It was a very serious mistake for the City Council to approve the “contract extension” with SEIU Local 1021 (Council item 48a on the June 28 Agenda). This agreement effectively freezes and extends for three years a labor contract that pre-empts serious pension and fiscal reform in a time when local and national economic conditions are worsening. There was no need for precipitous action now before all pertinent factors were carefully considered — precipitous action that will likely have disastrous consequences.
This new contract freezes wages for the next four years if city revenues continue in their sorry state. It allows, by mutual agreement only and not starting until 2014, employee pension contributions of up to 3 percent, the exact percentage dependent on CalPERS rates. It implements a two-tier pension system for Local 1021 employees hired after January 1, 2012. It delays planned layoffs until 2013 and eliminates no more than seven positions in the Solid Waste Division in that year. It maintains current salary levels for those employees demoted or recycled as part of labor force reconfiguration. It will result in about $400,000 in annual savings plus future unstated additional amounts from “reduced” city CalPERS liability.
What is wrong with this picture?
All over California and the nation, public employees are taking substantial wage cuts and commencing substantial contributions for their many valuable benefits. This contract is not an example of such serious reform.
The city of Berkeley has hundreds of millions of dollars in unfunded and underfunded liabilities for pension obligations and decaying physical infrastructure. A full accounting of these liabilities has only just begun. How can a responsible local government allocate resources effectively until the full liability is known?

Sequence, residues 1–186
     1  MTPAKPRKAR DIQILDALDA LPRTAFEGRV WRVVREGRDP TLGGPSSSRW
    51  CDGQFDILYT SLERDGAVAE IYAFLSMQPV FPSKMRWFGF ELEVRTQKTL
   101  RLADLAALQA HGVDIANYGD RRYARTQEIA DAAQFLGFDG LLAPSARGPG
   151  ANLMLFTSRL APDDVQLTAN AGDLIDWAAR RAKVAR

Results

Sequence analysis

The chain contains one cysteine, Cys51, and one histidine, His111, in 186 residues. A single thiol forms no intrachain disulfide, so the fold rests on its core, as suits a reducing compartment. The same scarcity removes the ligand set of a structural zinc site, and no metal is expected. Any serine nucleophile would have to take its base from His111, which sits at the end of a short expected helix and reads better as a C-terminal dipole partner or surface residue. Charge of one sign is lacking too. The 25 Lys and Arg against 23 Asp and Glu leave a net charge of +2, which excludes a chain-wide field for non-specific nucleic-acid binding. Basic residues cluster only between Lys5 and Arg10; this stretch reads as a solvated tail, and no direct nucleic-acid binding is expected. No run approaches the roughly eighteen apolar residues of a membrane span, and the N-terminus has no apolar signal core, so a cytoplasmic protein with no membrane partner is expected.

While city employee compensation has increased by about 5 percent per year on average since 2000, many Berkeley taxpayers have experienced substantial income decline since 2000. Additionally, taxpayer pension assets have shrunk by about 20 percent, and home values are down to 2003 levels and still falling.
Berkeley is way out of line when compared to regional norms with respect to its employees. Berkeley has about one employee per 73 residents, tied for first place out of 12 comparably sized cities.
The 12-city average is one employee per 113.50 residents, a 55 percent difference. Berkeley city employee fringe benefit costs are enormous: for police, 66.44 percent of salary, and actually 74.42 percent when workers comp is included; for fire, 53.99 percent and 64.81 percent respectively; and for miscellaneous, 58.49 percent and 60.56 to 76.67 percent.
Despite excellent salary and benefits with no employee contribution required, city workers also receive overtime and other above-salary cash payments that are hugely above the 12-city average — 138 percent higher than average for fire, 218 percent higher for police and 314 percent higher for public works.
The city is facing at least $12 million in annual operating deficits in addition to its unfunded longterm liabilities. In this light, and in light of the forgoing facts about the city workforce, the $400,000 in annual savings to be garnered by the SEIU Local 1021 contract extension seems rather paltry.
Any savings from the implementation of a two-tier benefit system for new employees are imaginary — given economic realities, there will certainly be no new employees for the foreseeable future while the deficit from the current 1,500 city employees continues long into the future.
To present this contract to the public as a major cost-saving and belt-tightening effort is insulting. The worst part of this contract is that it pre-empts real and necessary fiscal reform, reduces government flexibility in hard times and sets a terrible example for the other labor contracts coming up.
Berkeley Budget SOS urged City Council to reject this contract, carefully consider all of the issues and proceed thoughtfully and methodically toward fiscal soundness. Unfortunately, it was summarily adopted with little to no public council discussion.
Barbara Gilbert is a resident of Berkeley.
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